What Is a Shallot—and What's a Good Substitute?

What Is a Shallot—and What's a Good Substitute?

Shallot 2 Getty 1/3/20

If you’ve ever found yourself reading a recipe and wondering, “What the heck is a shallot?!” you’ve come to the right place. Here’s what the vegetable is (and isn’t):

What Is a Shallot? 

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A shallot is a bulb vegetable in the allium family. Its name comes from Ashkelon, an ancient city on the coast of Israel, where people used to believe shallots were first cultivated. However, it’s more likely that the shallot originated in Central or Southwest Asia. 

The vegetable goes by quite a few names: Some people in Quebec and England stress the second syllable of the word ("shall-OH"), while some French speakers call the vegetable “eschalot.”

To make things more confusing, the word “shallot” is also used to describe a scallion in parts of Australia.

Shallots look a lot like small onions. They can vary in color from golden brown to red. Their flesh is generally off-white and tinged with green or pink. 

Related: What Are Leeks and What Do They Taste Like?

What Does a Shallot Taste Like? 

Shallots are related to garlic and onions, so their strong and pungent flavor shouldn’t come as a shock. However, they are milder and sweeter than their intense relatives. Shallots are made even milder and sweeter by cooking. 

Shallots vs. Onions

Onions and shallots clearly have a lot in common, but they’re far from the same thing. Our very own Stacey Ballis explained the difference in detail for us a few years ago: 

“While they are related, shallots differ from onions in some basic ways. First of all, unlike regular onions, which grow as single bulbs, shallots grow in clusters, more like garlic. They are a bit sweeter than regular onions, and their flavor is more subtle. This makes them especially good as a seasoning in raw applications like vinaigrettes or salads, where they add onion-y flavor without too much punch, or in slow roasted or braised dishes, where their sweetness can really enhance a dish without watering it down.”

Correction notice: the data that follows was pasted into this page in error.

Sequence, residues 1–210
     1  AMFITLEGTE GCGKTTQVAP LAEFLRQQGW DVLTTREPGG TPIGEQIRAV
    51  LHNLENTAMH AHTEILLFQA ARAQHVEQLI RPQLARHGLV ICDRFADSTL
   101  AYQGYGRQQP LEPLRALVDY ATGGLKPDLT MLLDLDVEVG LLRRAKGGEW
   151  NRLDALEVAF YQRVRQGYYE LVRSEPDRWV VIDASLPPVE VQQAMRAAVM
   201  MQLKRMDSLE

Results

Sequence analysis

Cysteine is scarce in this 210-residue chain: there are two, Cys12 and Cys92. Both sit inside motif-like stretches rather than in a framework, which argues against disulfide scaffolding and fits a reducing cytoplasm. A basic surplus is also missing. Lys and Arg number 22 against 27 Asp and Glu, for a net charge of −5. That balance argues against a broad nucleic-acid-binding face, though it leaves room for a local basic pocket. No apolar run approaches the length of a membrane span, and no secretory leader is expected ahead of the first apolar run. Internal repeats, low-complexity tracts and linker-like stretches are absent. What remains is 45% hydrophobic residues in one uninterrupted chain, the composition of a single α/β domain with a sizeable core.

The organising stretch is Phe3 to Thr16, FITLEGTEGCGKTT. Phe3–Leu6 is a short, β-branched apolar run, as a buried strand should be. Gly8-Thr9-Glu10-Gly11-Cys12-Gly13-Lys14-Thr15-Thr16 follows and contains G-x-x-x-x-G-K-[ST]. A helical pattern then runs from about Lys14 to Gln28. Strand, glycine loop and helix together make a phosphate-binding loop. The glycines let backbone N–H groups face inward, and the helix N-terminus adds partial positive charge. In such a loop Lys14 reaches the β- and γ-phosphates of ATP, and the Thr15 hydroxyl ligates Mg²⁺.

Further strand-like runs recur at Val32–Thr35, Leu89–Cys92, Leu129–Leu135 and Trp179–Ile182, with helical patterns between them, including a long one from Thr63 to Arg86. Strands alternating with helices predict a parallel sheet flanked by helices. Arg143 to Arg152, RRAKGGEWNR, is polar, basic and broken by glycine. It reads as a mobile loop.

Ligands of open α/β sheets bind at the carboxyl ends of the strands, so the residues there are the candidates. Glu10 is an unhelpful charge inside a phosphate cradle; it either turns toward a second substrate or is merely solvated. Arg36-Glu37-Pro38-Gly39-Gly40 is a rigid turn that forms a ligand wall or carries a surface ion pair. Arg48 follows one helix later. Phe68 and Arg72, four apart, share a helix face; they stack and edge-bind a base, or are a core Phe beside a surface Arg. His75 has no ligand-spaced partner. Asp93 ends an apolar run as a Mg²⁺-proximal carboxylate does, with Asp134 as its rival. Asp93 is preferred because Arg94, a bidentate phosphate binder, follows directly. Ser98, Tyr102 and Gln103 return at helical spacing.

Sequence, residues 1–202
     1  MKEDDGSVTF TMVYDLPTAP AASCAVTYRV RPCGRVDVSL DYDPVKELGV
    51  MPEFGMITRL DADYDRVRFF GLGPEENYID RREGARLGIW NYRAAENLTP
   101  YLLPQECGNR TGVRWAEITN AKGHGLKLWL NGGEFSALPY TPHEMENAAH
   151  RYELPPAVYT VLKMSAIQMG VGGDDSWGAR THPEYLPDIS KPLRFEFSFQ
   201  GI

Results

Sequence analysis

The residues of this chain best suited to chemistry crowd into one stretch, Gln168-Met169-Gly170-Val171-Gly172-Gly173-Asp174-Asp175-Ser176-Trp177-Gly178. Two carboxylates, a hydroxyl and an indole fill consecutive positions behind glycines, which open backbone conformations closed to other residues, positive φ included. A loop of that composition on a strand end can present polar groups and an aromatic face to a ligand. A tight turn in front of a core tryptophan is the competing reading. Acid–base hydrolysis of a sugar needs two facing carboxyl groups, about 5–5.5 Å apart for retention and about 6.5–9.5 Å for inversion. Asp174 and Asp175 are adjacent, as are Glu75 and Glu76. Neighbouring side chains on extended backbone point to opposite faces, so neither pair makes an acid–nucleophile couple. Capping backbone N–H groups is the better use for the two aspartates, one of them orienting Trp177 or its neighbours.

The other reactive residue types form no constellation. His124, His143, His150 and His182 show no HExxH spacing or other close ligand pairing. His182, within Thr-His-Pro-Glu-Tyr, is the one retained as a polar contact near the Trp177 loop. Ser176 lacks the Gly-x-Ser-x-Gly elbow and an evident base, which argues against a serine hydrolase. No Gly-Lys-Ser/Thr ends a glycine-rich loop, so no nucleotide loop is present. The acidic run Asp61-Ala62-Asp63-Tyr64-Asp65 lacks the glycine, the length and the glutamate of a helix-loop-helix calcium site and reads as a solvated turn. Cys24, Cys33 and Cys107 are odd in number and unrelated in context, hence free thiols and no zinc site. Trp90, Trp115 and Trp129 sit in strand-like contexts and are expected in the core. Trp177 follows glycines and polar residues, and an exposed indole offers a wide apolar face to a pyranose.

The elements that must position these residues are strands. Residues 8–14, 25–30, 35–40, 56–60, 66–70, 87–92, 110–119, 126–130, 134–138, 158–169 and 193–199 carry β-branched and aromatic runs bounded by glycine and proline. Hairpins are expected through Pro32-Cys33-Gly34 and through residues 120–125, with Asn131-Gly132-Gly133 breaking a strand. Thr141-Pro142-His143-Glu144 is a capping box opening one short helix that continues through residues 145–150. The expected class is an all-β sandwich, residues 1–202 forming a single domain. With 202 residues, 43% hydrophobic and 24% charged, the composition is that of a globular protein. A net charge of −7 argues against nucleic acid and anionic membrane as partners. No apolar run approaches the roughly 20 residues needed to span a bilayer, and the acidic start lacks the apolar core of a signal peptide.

Read more about the difference between shallots and onions here. 

Shallot Substitute

Surprise, surprise: Even though they’re different vegetables with (slightly) different culinary purposes, onions and shallots can be used interchangeably—with a few caveats. 

  • Substitution works best when the recipe calls for cooked onions or cooked shallots. When raw, onions may be too harsh to trade for shallots. 
  • Since shallots are smaller, you’ll need to use more when swapping for onions. For instance, one small onion is roughly the same size as three small shallots. 
  • If possible, opt for yellow onions when substituting. Sweet onions are too sweet, while white and red are too intense.

How to Cut Shallots

Shallot 1 Getty 1/3/20

If you can mince an onion, you can mince a shallot. All you have to do is remove the vegetable’s papery skin, then cut into thin slices from root to tip (remember to hold the shallot steady to keep its shape). 

Finally, turn the shallot and then cut thin slices in the other direction. The closer these cuts are to one another, the finer your pieces will be. 

Shallot Recipes

Seared Chicken with Shallots and Grapes

Ready to try your hand at cooking with shallots? Here are some of our favorite recipes that allow the flavorful veggie to take center stage: 

  • Seared Chicken With Salad and Grapes
  • Brussels Sprouts with Bacon, Garlic, and Shallots
  • Turkey with Shallot-Mustard Sauce and Roasted Potatoes
  • Mushroom-Shallot Sauce
  • Braised Pork With Potatoes and Shallots

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